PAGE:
Santana's move to part-time duty at third base was designed to get the defensively superior Yan Gomes more playing time behind the plate while maintaining the flexibility that has been the hallmark of Terry Francona's time with the Indians. Per 7,000 pitches – roughly a full season for a catcher — Gomes' career averages are 12.6 runs above average in framing and 2.4 runs above average in blocking, while Santana is 16.4 runs below average in framing and 1.7 below average in blocking. The total swing would be about 33 runs a year if Santana were kept away from any catching duty and didn't create other problems elsewhere in the field.

Speaking of which, it's not as though the Indians don't have alternatives at third base. Lonnie Chisenhall, a once-touted prospect who hit a combined .244/.284/.411 in 682 PA from 2011-13 while failing to seize the job, is batting a sizzling .376/.442/.545 in 115 PA while splitting time between third — where he's been roughly average through his career — and DH more or less equally. Wisely, Francona has almost completely shielded him from facing lefties, limiting him to seven plate appearances against them.

Elsewhere, Gomes (.280/.329/.476, 128 OPS+) has been a productive hitter, and in fact the Indians have gotten above-average production from all of their regulars save for Santana and first baseman Nick Swisher (.211/.313/.322, 83 OPS+). Reserve infielder Mike Aviles (.275/.299/.383, 95 OPS+) has done a respectable job as the platoon complement to Chisenhall — playing third against lefties as Santana DHs — and the fill-in for injured Jason Kipnis at second base.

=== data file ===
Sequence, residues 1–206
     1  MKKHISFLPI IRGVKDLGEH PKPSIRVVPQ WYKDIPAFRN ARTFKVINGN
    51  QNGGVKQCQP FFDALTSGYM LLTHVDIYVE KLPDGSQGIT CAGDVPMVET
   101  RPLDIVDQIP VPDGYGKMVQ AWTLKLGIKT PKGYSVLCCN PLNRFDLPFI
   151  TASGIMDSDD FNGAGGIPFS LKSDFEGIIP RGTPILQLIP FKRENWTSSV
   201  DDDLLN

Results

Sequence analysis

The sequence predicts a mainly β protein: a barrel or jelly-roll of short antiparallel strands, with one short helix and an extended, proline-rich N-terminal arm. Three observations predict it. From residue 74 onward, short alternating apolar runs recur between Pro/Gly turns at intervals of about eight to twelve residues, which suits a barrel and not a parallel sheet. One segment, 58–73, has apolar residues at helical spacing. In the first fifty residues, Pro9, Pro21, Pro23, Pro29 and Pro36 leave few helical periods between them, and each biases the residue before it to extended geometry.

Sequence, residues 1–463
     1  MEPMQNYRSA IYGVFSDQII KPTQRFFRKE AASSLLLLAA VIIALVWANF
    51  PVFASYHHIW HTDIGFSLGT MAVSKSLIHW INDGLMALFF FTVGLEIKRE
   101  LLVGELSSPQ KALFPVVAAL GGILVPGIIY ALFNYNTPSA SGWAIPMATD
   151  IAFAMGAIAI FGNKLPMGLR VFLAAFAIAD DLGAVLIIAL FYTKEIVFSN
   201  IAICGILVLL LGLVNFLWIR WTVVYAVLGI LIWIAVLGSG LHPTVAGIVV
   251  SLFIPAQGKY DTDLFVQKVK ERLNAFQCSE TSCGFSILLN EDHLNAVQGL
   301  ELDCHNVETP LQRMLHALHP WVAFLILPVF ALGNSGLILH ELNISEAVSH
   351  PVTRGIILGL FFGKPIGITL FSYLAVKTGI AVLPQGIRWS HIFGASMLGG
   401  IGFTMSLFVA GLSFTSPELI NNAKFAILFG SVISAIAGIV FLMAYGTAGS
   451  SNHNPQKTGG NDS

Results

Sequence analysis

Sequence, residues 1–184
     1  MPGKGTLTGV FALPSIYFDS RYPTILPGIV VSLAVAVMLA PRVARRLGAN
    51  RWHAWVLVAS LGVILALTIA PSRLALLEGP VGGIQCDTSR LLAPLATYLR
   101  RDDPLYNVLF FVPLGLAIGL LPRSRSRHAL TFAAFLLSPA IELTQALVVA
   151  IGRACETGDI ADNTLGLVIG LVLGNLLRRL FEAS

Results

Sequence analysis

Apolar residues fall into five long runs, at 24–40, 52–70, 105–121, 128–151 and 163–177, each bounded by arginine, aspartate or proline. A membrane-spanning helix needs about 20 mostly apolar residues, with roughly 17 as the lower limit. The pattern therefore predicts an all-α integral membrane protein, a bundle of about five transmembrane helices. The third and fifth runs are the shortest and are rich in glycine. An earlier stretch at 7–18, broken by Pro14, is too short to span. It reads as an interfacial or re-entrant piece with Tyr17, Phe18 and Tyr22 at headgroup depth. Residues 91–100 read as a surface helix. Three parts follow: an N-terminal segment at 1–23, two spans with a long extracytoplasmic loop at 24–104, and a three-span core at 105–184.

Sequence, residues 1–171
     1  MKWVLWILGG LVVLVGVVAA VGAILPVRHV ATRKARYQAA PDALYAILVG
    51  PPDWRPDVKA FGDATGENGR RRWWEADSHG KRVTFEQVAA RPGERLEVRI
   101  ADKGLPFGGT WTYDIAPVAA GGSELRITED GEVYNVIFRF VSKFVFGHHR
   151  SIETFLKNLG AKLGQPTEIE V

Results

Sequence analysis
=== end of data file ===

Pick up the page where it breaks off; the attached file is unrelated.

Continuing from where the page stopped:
Kipnis, who has been out since early May due to an abdominal strain, is set to start a rehab assignment on Friday, and if all goes as planned, the Indians will activate him on Monday. Once they do, they should consider abandoning the Santana hot corner experiment and moving Chisenhall and Aviles into a straight platoon at third base. Santana and Swisher could split first base and DH duties with occasional forays behind the plate for the former and to rightfield for the latter if flexibility is needed.

There's no guarantee such a move would jump-start Santana's bat, but at the very least it would help a defense that ranks dead last in the AL in both defensive efficiency (.664, 24 points below the league average) and Defensive Runs Saved (-38), not to mention a pitching staff is allowing 4.83 runs per game, the league's second-worst rate. Without doing something to improve their run prevention, the Indians don't stand a chance of returning to the postseason, and while they might contend without Santana's bat, they'd be far better off with him back in form.